Pupils are flying high after rocket success
PUBLISHED: 11:31 06 March 2008 | UPDATED: 13:01 06 May 2010
AIMING for the stars are five boys from a St Albans school who have entered a national competition to make and launch a rocket. The quintet, Marc de Vos, Matthew Harrop, Simon Rickenbach, Hui Qi Wang and James Rickenbach, are all students at Beaumont Scho
AIMING for the stars are five boys from a St Albans school who have entered a national competition to make and launch a rocket.
The quintet, Marc de Vos, Matthew Harrop, Simon Rickenbach, Hui Qi Wang and James Rickenbach, are all students at Beaumont School in Oakwood Drive.
They have got through the qualifying stage of the competition organised by the UK Rocket Association and with 19 other schools have qualified to go forward for a fly-off in the Easter holidays.
If they are successful in that, they will be off to America in May for a demonstration flight at the equivalent competition in America.
To get through the qualifying stage to the fly-off, the team had to design a rocket which would reach 750 feet in height and land safely by parachute within 45 seconds.
The additional "twist" was that throughout the launch, flight and landing, the rocket had to carry two eggs which remained undamaged during the whole procedure.
Beaumont is the only school in Herts to have entered the competition. The team designed, built, simulated and tested two rocket designs. In seven launches they made a qualifying flight that exceeded the design parameters and one which exactly matched the qualifying criteria.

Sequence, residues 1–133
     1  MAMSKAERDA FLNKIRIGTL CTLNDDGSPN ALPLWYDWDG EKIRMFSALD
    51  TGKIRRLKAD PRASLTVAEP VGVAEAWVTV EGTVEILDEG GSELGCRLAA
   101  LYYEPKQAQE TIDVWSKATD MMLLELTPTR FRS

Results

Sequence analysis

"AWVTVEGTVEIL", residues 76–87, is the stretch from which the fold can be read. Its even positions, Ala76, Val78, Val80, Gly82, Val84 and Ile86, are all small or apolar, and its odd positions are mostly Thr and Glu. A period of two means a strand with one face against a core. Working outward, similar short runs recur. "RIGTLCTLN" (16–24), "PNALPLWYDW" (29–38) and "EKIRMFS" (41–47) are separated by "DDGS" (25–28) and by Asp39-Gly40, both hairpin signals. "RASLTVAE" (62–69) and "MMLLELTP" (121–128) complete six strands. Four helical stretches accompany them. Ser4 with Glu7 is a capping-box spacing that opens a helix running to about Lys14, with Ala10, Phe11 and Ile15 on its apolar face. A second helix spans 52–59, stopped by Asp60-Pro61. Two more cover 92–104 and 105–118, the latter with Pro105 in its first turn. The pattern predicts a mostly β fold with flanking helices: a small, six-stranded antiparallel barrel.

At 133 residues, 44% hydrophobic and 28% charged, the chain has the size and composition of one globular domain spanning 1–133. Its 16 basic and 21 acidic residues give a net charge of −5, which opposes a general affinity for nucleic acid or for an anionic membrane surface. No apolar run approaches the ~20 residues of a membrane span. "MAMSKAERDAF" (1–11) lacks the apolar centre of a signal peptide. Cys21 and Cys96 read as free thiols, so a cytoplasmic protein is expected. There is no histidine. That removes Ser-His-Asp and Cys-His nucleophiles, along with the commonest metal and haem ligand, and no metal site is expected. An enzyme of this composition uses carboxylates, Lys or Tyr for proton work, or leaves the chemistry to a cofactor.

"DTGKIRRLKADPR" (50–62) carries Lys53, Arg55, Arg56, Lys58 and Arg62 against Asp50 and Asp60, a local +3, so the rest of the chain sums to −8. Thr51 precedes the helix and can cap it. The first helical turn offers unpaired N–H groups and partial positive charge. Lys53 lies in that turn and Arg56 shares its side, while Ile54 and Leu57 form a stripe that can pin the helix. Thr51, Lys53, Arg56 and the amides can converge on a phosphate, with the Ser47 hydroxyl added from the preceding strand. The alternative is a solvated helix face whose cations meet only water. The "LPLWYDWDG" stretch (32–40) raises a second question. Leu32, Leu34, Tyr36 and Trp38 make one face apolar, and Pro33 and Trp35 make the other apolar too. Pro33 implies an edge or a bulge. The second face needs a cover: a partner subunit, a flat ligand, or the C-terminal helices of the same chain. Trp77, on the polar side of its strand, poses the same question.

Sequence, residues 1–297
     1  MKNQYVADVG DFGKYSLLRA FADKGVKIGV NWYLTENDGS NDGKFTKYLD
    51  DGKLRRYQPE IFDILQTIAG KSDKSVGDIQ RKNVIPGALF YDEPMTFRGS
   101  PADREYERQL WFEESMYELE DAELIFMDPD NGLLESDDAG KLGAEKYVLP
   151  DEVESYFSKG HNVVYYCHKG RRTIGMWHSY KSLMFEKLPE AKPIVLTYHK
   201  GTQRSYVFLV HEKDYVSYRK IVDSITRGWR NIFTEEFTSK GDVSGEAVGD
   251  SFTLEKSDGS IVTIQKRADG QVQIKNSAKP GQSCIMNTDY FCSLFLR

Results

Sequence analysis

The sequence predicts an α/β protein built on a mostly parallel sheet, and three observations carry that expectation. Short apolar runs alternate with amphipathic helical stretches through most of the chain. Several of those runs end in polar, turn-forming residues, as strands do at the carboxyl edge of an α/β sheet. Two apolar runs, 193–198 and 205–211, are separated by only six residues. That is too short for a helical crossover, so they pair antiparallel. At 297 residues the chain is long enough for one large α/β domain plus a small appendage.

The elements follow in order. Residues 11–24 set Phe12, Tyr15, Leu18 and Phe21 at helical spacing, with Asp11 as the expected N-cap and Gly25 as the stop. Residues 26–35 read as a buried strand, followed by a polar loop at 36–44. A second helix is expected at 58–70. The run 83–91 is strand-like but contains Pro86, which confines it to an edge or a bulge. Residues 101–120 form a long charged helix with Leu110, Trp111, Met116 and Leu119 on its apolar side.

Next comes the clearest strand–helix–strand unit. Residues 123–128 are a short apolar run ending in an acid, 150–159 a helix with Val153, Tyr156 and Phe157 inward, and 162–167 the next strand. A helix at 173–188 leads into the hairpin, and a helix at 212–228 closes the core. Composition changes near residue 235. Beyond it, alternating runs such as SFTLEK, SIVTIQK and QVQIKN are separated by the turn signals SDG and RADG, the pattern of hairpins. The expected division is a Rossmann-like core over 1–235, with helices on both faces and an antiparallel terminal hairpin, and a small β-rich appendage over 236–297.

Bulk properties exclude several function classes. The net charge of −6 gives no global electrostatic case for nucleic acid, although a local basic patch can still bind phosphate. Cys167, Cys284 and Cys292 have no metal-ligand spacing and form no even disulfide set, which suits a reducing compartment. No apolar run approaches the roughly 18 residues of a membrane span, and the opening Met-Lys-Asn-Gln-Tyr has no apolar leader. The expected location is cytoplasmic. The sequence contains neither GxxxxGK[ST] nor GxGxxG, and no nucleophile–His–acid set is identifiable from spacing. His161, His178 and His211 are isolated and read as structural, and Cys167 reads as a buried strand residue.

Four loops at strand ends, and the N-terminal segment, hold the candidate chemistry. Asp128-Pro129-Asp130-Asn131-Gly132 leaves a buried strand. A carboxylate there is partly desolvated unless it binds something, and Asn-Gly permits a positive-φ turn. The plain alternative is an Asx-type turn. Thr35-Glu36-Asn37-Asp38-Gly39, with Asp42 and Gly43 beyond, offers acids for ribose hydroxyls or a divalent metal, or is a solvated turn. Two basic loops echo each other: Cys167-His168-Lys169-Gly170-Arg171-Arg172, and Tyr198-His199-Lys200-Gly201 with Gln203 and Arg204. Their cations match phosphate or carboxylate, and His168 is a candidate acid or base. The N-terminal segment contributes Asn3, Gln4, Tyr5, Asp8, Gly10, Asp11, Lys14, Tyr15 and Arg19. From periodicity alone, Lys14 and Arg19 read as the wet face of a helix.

The competition has proved to be a real learning experience for the boys. Apart from the process of designing and building the rocket, during which they had to get to grips with complex scientific concepts, they also had to apply for an explosives licence to store, purchase and transport the rocket motors.
Beaumont teachers Stephen Turner and Mich Jones are very proud of the boys' achievement - but it has not been all plain sailing.
Mr Turner said: "In one test flight it all went horribly wrong and the rocket separated into parts.
"Unfortunately they didn't all stay attached to the parachute and the main section carrying the eggs fell to earth from 500 feet. Remarkably the eggs were unbroken."
The project has received support from a number of sources including engineering consultants Faber Maunsell, international space company Astrium-Eads and the University of Herts.
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